A behavioral disorder is a pattern of disruptive behaviors that last for at least six months. The behaviors cause problems at school, in social situations, and at home.
There are three main types of behavior disorders: conduct disorder, oppositional defiant disorder, and disruptive mood dysregulation disorder.
Children and teens with conduct disorder have a difficult time following rules. They also have a hard time showing empathy and respect. They are often labeled bad kids and have a hard time with socially acceptable behavior.
Common behaviors with conduct disorder are:
- Property destruction
- Aggressiveness towards animals and other people
- Lying and stealing
- Breaking rules often
Oppositional Defiant Disorder (ODD)
Oppositional defiant disorder (ODD) is the pattern of ongoing hostile, defiant, and uncooperative behavior. These behaviors happen everyday and have a significant impact on the child or teen’s life.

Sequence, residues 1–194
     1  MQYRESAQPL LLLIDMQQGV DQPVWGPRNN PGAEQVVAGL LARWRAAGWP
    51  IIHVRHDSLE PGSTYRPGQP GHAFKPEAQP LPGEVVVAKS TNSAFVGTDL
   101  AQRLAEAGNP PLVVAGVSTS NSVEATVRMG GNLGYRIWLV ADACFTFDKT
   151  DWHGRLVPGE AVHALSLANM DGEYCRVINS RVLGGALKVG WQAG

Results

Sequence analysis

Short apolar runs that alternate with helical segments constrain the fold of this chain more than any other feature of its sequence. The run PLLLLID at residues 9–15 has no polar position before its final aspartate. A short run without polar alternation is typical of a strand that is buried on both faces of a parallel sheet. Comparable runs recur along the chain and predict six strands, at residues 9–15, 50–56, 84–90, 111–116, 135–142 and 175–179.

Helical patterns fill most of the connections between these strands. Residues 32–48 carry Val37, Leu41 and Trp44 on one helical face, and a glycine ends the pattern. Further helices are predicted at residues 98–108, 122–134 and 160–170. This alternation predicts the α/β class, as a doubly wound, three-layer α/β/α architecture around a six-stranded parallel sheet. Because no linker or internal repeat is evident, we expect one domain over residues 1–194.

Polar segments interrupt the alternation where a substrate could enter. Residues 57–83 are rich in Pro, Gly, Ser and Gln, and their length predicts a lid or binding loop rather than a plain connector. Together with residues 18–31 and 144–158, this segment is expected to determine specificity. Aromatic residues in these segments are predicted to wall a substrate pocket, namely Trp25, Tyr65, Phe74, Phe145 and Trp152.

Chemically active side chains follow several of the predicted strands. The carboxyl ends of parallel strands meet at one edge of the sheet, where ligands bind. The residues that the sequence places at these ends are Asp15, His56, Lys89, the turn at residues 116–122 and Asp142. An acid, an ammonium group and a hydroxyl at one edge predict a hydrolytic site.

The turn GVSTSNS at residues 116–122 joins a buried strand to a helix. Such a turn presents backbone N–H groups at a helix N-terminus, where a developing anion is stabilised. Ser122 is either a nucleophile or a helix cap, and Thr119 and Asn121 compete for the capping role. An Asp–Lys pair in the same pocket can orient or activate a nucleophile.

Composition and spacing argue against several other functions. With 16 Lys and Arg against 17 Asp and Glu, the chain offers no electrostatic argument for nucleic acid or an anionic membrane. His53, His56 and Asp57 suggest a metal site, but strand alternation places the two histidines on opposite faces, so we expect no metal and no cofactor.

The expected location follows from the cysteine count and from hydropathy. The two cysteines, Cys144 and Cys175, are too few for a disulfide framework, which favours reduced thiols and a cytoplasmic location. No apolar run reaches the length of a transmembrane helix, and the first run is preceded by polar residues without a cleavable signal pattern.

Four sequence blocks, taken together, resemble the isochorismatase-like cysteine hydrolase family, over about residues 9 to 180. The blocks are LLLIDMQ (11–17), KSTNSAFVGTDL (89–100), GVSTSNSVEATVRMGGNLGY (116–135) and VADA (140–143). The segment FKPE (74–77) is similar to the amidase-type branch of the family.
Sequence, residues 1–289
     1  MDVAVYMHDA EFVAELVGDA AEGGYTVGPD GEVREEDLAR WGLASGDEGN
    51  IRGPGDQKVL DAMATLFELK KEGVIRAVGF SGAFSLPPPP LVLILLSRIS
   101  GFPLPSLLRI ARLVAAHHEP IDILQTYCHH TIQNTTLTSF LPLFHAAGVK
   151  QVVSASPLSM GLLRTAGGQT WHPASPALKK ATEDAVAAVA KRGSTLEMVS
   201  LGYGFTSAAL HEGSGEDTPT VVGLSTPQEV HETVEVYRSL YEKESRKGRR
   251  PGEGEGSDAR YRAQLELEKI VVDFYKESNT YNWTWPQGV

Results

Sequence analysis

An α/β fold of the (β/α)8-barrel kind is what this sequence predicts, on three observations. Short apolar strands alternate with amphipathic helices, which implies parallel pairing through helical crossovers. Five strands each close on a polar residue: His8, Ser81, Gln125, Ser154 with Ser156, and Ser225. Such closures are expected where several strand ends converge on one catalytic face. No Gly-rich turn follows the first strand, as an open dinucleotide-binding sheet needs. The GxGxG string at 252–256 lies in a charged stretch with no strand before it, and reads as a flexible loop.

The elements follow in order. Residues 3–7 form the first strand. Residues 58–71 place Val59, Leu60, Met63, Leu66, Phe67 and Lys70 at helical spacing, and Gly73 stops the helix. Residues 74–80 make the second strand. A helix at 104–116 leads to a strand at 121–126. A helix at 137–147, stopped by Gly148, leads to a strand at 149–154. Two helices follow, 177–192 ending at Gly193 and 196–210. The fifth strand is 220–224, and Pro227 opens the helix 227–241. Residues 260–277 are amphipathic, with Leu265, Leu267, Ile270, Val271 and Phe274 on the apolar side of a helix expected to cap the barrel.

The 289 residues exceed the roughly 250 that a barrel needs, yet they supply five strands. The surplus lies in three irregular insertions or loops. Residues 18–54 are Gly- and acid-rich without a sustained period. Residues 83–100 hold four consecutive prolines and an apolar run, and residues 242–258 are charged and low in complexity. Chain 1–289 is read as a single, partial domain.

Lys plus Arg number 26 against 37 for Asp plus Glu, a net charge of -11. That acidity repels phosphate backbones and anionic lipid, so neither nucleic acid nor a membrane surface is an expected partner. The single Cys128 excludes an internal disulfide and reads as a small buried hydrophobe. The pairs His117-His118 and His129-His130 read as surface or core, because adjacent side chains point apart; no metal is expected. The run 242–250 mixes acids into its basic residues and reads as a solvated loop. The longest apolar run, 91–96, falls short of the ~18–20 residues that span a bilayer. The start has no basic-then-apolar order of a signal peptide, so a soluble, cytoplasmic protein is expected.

- Actively defiant behaviors
- Frequent anger
- Mean speech
- Excessive arguing with authority figures
Disruptive Mood Dysregulation Disorder (DMDD)
Disruptive mood dysregulation disorder (DMDD) is when a child or teen has frequent and intense angry outbursts. They are extremely irritable most of the day.
- Severe behavioral or verbal outbursts three or more times each week
- Feeling angry or irritated most of the day, everyday
- Problems in more than one place (home and school) because of the irritability
Post-Traumatic Stress Disorder (PTSD)
Children and teenagers sometimes experience traumatic events in life. When someone has not healed properly after a traumatic event they can develop PTSD.
After a traumatic event fears normally resolve by themselves. Unresolved fear can turn into PTSD. A mental health professional in your area can help determine the best type of treatment for your child.